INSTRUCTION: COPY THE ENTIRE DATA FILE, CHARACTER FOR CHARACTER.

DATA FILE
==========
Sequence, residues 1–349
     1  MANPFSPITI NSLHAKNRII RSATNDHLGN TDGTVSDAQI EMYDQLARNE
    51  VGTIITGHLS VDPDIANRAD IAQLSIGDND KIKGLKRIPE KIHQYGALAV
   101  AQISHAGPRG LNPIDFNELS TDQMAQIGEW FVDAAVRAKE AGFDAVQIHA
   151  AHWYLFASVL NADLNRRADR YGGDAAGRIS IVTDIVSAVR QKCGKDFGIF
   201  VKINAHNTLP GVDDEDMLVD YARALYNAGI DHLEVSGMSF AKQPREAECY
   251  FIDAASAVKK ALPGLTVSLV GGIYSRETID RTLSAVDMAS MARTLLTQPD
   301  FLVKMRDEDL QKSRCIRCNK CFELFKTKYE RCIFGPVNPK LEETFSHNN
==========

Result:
Sequence, residues 1–349
     1  MANPFSPITI NSLHAKNRII RSATNDHLGN TDGTVSDAQI EMYDQLARNE
    51  VGTIITGHLS VDPDIANRAD IAQLSIGDND KIKGLKRIPE KIHQYGALAV
   101  AQISHAGPRG LNPIDFNELS TDQMAQIGEW FVDAAVRAKE AGFDAVQIHA
   151  AHWYLFASVL NADLNRRADR YGGDAAGRIS IVTDIVSAVR QKCGKDFGIF
   201  VKINAHNTLP GVDDEDMLVD YARALYNAGI DHLEVSGMSF AKQPREAECY
   251  FIDAASAVKK ALPGLTVSLV GGIYSRETID RTLSAVDMAS MARTLLTQPD
   301  FLVKMRDEDL QKSRCIRCNK CFELFKTKYE RCIFGPVNPK LEETFSHNN